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The HR Specialist: Pennsylvania Employment Law

Some employees who break rules believe they’re immune from firing if someone else committed the same infraction and didn’t get fired. That’s simply not true. What may be a firing offense for one employee doesn’t have to be the last straw for every other employee. The key is to document—at the time—why you made the decision so you can later explain the difference between the two situations.

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When stress is a built-in part of the job, it stands to reason that sound mental health is a prerequisite. Someone whose psychological disorder interferes with the ability to perform such a job isn’t qualified and can be terminated.

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Child care is expensive, and many parents eager to avoid high day-care costs ask their own parents to watch the kids. That’s great if it works out. But in Pennsylvania, grandma and grandpa can’t expect to collect unemployment benefits if they quit their jobs to take care of their grandchildren.

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The Ruby Tuesday casual dining chain has agreed to pay $255,000 to a group of teenage girls who worked at its East Stroudsburg restaurant after the EEOC filed a lawsuit accusing a manager there of sexual harassment.

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Wyomissing-based industrial fastener and tool maker SFS Intec has agreed to settle an EEOC discrimination lawsuit arising at a plant in Ohio. Two Hispanic employees complained of being denied training opportunities that were open to non-Hispanics.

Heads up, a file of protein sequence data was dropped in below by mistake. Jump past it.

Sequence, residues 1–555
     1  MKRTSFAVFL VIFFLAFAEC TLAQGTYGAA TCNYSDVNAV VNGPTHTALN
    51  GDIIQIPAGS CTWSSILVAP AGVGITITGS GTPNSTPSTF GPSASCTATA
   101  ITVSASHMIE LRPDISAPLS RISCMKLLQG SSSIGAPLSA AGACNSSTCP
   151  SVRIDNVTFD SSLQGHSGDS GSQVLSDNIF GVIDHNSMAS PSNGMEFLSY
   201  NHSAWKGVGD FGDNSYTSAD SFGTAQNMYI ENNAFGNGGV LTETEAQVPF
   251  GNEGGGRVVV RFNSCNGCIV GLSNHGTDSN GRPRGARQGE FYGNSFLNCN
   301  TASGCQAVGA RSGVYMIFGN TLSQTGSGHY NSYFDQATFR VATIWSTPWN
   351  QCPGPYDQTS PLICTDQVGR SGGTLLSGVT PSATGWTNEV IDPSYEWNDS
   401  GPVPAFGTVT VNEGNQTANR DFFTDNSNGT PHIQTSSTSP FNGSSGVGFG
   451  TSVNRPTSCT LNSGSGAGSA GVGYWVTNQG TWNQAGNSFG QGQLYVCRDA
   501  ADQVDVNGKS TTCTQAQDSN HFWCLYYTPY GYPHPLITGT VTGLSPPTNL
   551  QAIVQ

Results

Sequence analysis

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Workers at nine Philadelphia area hospitals have filed a class-action overtime lawsuit claiming the hospitals’ practice of automatically deducting lunch periods deprives them of overtime pay.

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Security guards at Pittsburgh’s new Rivers Casino rejected an organizing bid by the Security, Police and Fire Professionals of America (SPFPA) union. In a close vote, the guards rejected unionization 38-35.

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Philadelphia Eagles backup quarterback Michael Vick may be back in the NFL, but the litigation continues. The Employee Benefits Security Administration discovered that pension funds in one of Vick’s companies were improperly diverted to Vick to pay his criminal restitution. Now Vick must pay $400,000.

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Employees you don’t hire can’t cause too much legal trouble, right? Wrong! In today’s tough economy, frustrated job-seekers are more likely than ever to sue. And if they sue for discrimination and win, courts are increasingly likely to award both back pay and lost future earnings …

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HWCC-Tunica Inc., a subsidiary of Penn National Gaming, is settling a lawsuit that alleged disability discrimination against a dealer at its Hollywood Casino Tunica in Mississippi.

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